Tha Dogg Pound – “New York, New York”
Director: Daz Dillinger
It’s definitely worth noting that the actual record to “New York, New York” is not a diss song. Kurupt spends nearly five minutes flexing his lyrical prowess on the track, which would single-handily go on to strengthen his legacy as one of the most underrated MCs of all-time. However, according to Young Gotti, disgruntled natives of the Big Apple weren’t feeling Tha Dogg Pound’s encroachment on their territory and licked a couple shots in their direction. Naturally, feelings were changed as was the treatment for the video, which now including Snoop Doggy Dogg kicking over Manhattan skyscrapers. As fate would have it, the video would go on to be a catalyst for Jay Z’s beef with Prodigy and Jigga made reference to visual on his classic, “Money, Cash, Hoes,” to which the Mobb Deep member called him “a bitch” for being quiet when the East Coast/West Coast war was on.
50 Cent – “Piggy Bank” (Nas/Jadakiss/Fat Joe/Shyne/Ja Rule Diss)
Director: Chris “Broadway” Romero & Dan “The Man” Melamid
Going into his second album, 2005’s The Massacre, 50 Cent’s stock was at an all-time high and so was his appetite for beef and aspirations for the King of New York crown. Annoyed that anyone would want to work with his nemesis Ja Rule, Fiddy lashed out at the “New York” record’s co-stars Fat Joe and Jadakiss while dangling carrots in the faces of Nas and Shyne. The visual literally animated all the slander into one clip, as 50 morphed into a G-Unit Vendetta video game character, complete with 3-D Bentleys and video vixens.
2Pac & The Outlawz – “Hit Em Up” (The Notorious B.I.G./Puff Daddy/Junior M.A.F.I.A./Mobb Deep/Chino XL Diss)
Director: Look Hear Productions
In the never ending debate about Tupac’s emotional power and Biggie’s technical prowess, it’s clear which one had a more damaging impact. The video was even worse thanks to spot-on impersonators for Biggie, Puffy and Lil Kim. Pac delivered all out lyrical war on Bad Boy and anyone associated with them without much regard to any mercy. “That’s why I fucked yo bitch you fat muthafucka,” still stands as the most scathing intro to any diss record in Hip Hop history.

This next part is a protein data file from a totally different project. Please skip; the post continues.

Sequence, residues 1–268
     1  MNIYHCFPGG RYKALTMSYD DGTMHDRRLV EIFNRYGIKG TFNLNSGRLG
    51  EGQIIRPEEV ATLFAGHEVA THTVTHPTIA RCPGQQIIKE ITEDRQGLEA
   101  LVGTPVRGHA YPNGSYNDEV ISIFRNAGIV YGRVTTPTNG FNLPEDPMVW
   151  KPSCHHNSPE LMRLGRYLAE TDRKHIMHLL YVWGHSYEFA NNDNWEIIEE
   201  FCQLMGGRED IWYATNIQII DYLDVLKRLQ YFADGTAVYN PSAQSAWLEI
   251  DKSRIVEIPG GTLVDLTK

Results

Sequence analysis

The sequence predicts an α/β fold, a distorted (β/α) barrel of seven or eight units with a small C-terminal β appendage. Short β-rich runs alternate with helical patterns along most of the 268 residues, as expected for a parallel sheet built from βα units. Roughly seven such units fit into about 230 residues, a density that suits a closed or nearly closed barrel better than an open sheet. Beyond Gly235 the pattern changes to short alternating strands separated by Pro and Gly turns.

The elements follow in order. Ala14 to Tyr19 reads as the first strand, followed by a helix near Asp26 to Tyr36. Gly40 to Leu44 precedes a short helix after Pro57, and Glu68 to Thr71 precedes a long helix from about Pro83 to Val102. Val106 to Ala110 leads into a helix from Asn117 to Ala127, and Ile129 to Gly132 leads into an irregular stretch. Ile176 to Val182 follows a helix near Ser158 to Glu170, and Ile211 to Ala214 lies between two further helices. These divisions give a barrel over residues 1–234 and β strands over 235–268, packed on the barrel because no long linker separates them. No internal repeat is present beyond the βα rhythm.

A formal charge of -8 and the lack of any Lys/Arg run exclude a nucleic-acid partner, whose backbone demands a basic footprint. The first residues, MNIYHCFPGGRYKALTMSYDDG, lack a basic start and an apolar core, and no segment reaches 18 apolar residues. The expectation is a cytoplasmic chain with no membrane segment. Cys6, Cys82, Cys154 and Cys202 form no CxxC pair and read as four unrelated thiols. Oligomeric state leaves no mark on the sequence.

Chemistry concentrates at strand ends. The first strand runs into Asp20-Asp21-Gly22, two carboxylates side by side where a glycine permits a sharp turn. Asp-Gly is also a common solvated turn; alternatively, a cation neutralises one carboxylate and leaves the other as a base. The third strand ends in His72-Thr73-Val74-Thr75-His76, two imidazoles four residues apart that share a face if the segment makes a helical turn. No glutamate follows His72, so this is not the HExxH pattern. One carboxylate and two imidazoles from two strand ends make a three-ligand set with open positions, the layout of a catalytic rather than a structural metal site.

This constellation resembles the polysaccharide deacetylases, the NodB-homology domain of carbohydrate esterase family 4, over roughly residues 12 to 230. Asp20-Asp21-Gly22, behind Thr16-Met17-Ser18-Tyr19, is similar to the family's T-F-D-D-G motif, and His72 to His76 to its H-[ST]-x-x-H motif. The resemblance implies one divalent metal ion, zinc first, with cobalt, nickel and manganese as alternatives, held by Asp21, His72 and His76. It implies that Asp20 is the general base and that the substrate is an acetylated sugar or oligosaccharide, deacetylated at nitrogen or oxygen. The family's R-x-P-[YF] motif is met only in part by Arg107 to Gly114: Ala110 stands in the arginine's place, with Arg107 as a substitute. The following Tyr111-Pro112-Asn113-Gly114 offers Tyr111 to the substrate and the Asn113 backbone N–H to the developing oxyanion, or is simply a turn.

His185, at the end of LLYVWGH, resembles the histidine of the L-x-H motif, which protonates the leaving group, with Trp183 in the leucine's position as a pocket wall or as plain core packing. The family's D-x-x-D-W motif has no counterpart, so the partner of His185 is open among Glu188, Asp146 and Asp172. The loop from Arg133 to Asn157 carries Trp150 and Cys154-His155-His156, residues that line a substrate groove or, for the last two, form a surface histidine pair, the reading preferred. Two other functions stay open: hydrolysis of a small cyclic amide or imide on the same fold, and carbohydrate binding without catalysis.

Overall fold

Eazy-E – “Real Muthaphukkin’ G’s” f. Dresta & B.G. Knocc Out (Dr. Dre/Snoop Doggy Dogg/Death Row Diss)
Director: Marty Thomas
If you allow Jason Mizell’s depiction of The Godfather of Gangsta Rap to be your guide, the dissolution of N.W.A was a trying time for Eazy-E and the first of many life blows he had to endure before his untimely death. However, Eric Wright possessed a sense of humor and couldn’t be backed down into a corner so easily. This was evidenced when he broke the thuggery fourth wall and recruited A.J. Johnson, who had previously baffooned him in The Chronic twins’ “Dre Day” video. The end result was Eazy-E laughing to the bank with the biggest hit of his career.
Dr. Dre f. Snoop Doggy Dogg – “Fuck Wit Dre Day (And Everybody’s Celebratin’) (Eazy-E/Luther Campbell/Tim Dog Diss)
Director: Dr. Dre
As you should know by now, Dr. Dre’s solo debut The Chronic was an anti Eazy-E affair. “Fuck Wit Dre Day (And Everybody’s Celebratin’) is the best example which also feature his then protégé Snoop Dogg throwing lyrical acid that possibly burns to this day. The video turned the burns to fourth-degree thanks to the Ruthless Records parody Useless Records with comedian Anthony Johnson as Sleazy-E and Jerry Heller being portrayed by real-life Interscope executive Steve Berman (of Eminem album skit fame). Luther Campbell and Tim Dog’s momma weren’t spared, either.